Thursday, January 14, 2010

Accidental Allies - Time to call a spade a spade

While the idea of what just the role of the USSR was during what we call the Second World War has been kicking around in my head for some time now, and I did allude to it in my last blog entry. A news release from the Minister of Veteran's Affairs found its way into my Inbox. It was entiteld Harper Government Supports Allied Veterans and Their Families. While I have no problem with governments assisting those in need, it is time that we all begin to understand history as it was, as opposed to the simplified sugar coated pill we were given to swallow while studying history in school. While I agree that there are times when changes to legislation are necessary, there is one point of reality which I disagree with in the said Act and its lists of Canada's Allies during times of conflict.

It is unfortunate that most in the Western world have been duped into thinking that the former Union of Soviet Socialist Republics was an allied force during what came to be known one of the darkest moments of world history during the twentieth century. In the West this historical period is known as the Second World War, while in the former Soviet Union it is called the Great Patriotic War. Did you know this? If so have, you ever questioned why this is the case?

While we were all taught that they were our Allies, this is not only a misnomer but a simplistic manner in order to deal with the situation in post WWI Europe which was a lot more complex than our basic history books tell us. In short it seemed to be the politically correct thing to do by calling the USSR is our ally.

One of the West's most brilliant statesmen and scholar's of Lenin and Stalin and the evil empire which they ran, George F. Kennan has written much on this period. Though somehow his extremely astute observations regarding Stalin and the Soviet Union have never been incorporated into our understanding of this period of history. Nations which made great sacrifices during the conflicts this world has seen, somehow, along with most of Europe forgot about the pact between Nazi Germany and the USSR by about 1942-43, they forget that Stalin too wanted to dominate the globe, but he was in fact much more adept at doing it than Hitler was, if not as evil or more evil. The Soviets worked both overtly and covertly in brainwashing the world into their way of thinking.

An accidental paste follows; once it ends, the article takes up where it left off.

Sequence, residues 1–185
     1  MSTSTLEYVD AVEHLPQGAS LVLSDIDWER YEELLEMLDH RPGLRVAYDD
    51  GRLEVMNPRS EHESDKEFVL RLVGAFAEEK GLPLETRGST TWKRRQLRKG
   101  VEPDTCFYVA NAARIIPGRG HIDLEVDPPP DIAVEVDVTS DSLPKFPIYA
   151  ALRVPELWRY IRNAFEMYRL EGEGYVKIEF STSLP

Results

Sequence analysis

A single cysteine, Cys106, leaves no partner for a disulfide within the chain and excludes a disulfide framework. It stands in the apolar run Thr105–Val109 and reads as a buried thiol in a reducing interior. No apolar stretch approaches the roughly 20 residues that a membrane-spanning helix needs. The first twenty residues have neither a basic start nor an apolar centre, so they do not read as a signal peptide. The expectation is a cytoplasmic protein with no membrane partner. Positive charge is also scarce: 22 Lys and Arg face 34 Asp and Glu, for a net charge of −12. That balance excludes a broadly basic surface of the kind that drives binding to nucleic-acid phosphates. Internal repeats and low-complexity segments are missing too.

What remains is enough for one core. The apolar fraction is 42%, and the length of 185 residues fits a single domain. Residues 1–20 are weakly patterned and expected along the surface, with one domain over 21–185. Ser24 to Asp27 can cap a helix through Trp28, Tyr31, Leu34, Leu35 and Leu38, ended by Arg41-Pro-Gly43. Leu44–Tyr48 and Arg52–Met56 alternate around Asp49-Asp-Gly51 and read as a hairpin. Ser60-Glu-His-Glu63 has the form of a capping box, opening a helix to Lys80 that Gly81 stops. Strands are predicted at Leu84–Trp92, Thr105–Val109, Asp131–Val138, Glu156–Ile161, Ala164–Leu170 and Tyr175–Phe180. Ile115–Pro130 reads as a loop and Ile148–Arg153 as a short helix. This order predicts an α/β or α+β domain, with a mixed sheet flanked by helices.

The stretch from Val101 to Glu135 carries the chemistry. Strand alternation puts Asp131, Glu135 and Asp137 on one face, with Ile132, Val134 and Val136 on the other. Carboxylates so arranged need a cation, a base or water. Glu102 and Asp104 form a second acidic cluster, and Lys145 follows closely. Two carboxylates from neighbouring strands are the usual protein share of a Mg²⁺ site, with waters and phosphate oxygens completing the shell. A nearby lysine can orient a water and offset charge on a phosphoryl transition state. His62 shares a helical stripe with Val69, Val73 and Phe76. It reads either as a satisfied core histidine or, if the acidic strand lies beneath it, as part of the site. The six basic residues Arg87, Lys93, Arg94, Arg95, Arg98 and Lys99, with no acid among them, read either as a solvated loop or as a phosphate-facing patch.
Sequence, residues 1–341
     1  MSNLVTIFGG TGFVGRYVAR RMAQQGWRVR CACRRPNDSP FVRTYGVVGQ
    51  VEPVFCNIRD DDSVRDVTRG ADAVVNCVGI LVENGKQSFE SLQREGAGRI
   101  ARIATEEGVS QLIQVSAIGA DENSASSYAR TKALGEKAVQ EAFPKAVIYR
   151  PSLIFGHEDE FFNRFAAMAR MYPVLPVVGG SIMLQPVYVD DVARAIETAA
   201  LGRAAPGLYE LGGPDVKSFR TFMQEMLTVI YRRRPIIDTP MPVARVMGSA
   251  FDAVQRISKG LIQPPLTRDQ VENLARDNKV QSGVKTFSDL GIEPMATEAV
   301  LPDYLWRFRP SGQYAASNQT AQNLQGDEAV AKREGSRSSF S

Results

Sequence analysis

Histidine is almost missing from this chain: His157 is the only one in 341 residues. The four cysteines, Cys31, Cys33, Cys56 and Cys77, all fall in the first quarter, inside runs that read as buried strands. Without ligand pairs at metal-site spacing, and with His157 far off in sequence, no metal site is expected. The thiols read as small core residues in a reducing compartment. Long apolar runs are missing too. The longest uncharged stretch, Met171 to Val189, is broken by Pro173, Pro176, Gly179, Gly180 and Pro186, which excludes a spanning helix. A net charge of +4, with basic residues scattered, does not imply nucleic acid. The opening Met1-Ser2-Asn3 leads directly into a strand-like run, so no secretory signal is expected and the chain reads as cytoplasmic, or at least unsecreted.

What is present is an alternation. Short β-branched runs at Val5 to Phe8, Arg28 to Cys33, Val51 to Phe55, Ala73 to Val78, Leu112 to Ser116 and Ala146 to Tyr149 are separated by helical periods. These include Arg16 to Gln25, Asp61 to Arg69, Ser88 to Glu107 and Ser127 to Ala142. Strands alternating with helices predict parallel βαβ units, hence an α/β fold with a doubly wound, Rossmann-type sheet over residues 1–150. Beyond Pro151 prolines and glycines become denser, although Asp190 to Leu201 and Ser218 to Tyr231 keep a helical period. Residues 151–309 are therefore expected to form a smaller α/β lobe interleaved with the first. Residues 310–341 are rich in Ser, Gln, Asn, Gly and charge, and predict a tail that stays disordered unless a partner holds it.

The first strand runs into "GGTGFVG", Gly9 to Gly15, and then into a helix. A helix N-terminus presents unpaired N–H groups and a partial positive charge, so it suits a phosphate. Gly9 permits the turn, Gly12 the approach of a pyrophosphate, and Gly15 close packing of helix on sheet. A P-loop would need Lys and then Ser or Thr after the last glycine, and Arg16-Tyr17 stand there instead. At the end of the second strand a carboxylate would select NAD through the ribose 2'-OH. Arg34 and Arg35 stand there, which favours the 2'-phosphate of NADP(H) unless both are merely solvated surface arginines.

Without a doubt in my mind and being a scholar of that part of the world, Stalin, didn't give a rat's ass about Hitler's design for the Jews of Europe, he himself was a maniacal devil who had tried to destroy the Ukrainian people some ten years earlier through starvation. To him, the fact that his evil mustached cousin was killing the Jews of Europe en masse was of little consequence. He had his own plans of dominating Europe and had outlined this to Western leaders at the time quite well, but this detail is seldom taught in schools. Nor is the fact that Russia, never wanted to be our Ally.

Kennan writes of the failed Nazi-Soviet Pact, “The deal had turned out badly; the assumption on which it was founded had failed to be substantiated; the aggressor had turned on his would be accomplices; Russia had herself become the victim of attack. If, then, in 1941 she found herself unexpectedly fighting on the same side as the Western Allies, this was certainly no doing of her political leader[emphasis mine]. They had not wanted it this way. It was a situation they had done their best to avoid. They had not selected the Western powers as allies; and indeed, in the months before their own involuntary involvement, they had shown not only a complete lack of concern but in some instances outright hostility for the interests of the Western governments and peoples.” [Kennan, George F. Russia and the West under Lenin and Stalin, (Boston: Little, Brown and Company, 1960, p. 350] This attitude, if you recall, continued throughout the period of the Cold War, and even until the eve of the the evil empire's demise.